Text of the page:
Mobile phone electronic payment service, which just turned one year old, says it will cover Rattanakiri and Mondulkiri from next week, the last provinces to gain full access to WING
We don't have concrete plans [to partner with new mobile-phone operators] at this stage."
THE mobile money transfer system WING will operate fully in Mondulkiri and Rattanakiri provinces by the end of the month, Managing Director Brad Jones said Monday, giving the service full coverage in the Kingdom for the first time.
Having launched one year ago, WING will allow customers to “cash out” for the first time in the two provinces from next week, Jones said.
Previously WING users could transfer money there on the service’s four partner mobile operators – Hello, qb, Smart Mobile and Mfone – but could not collect the money.
“This week we have people who are setting up Wing cash X-press outlets in Rattanakiri and Modulkiri which now gives us access to every province in Cambodia,” Jones told the Post.
He added that the expansion was the result of a A$1.5 million (US$975,000) grant from the Australian government (via Ausaid) made last year.
“We have been using that [Ausaid] grant to actually further development of WING to provincial areas” Jones said.
WING, a wholly-owned subsidiary of ANZ Bank, formally launched its operation in the kingdom on January 21 last year.
Jones said that during the first year of operations, WING had gained 85,000 users, adding that the growth rate of its users was increasing.
“In the first month, we put on maybe 4,000 to 5,000 customers. In our last month, we put on close to 20,000 customers,” he said, adding that the network aspect of the WING business model meant growth would rise at an increasing rate.
“To use WING, you need to have your friend or family on WING, so as more and more people start to use WING, it becomes more useful for people who are already WING’s customers,” he said.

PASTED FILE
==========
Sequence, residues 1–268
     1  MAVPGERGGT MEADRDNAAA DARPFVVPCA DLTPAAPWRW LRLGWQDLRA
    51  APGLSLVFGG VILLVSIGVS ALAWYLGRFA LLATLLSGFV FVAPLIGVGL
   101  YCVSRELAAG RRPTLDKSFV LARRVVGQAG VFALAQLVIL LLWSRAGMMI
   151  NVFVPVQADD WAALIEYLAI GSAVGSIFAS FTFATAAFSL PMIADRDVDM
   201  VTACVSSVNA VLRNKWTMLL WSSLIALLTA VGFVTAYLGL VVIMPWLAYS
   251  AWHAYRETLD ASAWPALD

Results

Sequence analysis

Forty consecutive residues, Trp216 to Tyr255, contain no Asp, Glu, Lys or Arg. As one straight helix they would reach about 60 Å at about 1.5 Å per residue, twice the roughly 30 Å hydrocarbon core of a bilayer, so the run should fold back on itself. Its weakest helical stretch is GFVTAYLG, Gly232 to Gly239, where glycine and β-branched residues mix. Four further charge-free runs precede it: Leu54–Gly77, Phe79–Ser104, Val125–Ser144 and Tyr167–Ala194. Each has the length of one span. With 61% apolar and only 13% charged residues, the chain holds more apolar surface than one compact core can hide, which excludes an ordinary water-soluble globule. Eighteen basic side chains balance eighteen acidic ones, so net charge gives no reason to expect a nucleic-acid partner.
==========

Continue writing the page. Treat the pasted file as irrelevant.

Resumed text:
The electronic payment service had also benefited from a rising number of mobile providers signing up over the past 12 months, the latest being Mfone in October.
“Smart Mobile is pleased on the results of the partnership since the launch,” CEO Thomas Hundt said by email Monday.
The two companies started to work together from the start of August.
It remained unclear how much revenue WING had generated in its first 12 months of operations.
Jones declined to give a breakdown of financial results Monday. “We don’t disclose the actual figure in terms of what’s been transacted, but I can tell you … [there has been] significant growth month on month in both the volume of transactions we have and the value of transactions.”
WING is completely dependent on coverage by its four mobile partners, Jones admitted, given that transactions are conducted by mobile phone.
WING is not available with Mobitel, the country’s mobile leader in terms of market share, or on Metfone, which is understood to cover the largest area of any mobile service in the Kingdom.
The Vietnamese operator’s Cambodia CEO Nguyen Duy Tho told the Post in October that by the end of November last year, Metfone had been due to cover between 90 and 95 percent of the Kingdom’s population of about 14 million people.
“If there isn’t coverage of that particular network, but there is coverage for Hello, they might borrow someone’s phone who is on Hello, and use the WING service,” Jones said, adding that most people would have a SIM card with one of the four operators working with WING.
Cambodia’s mobile-phone users are notorious for posessing a selection of SIM cards in a bid to make the most of tariffs that have become increasingly competitive as new mobile phone companies have entered the market.
WING had held discussions with other operators, he added, but “we don’t have concrete plans at this stage”.
“We’re not actively looking to partner with them,” he added.
Mobitel, which is wholly owned by the Royal Group, the joint-venture partner with ANZ in ANZ Royal Bank, is understood to be developing its own mobile money transfer network.
Jones said he recognised that another mobile operator was looking to set up a rival mobile payment system and that “we welcome the competition in this market”.
He added that he had not had discussions with Mobitel with which WING “are unlikely to work with”. Mobitel was going in its “own direction”, Jones said.
By not working with the market leader, it was important that WING build a strong customer and provider base, he said.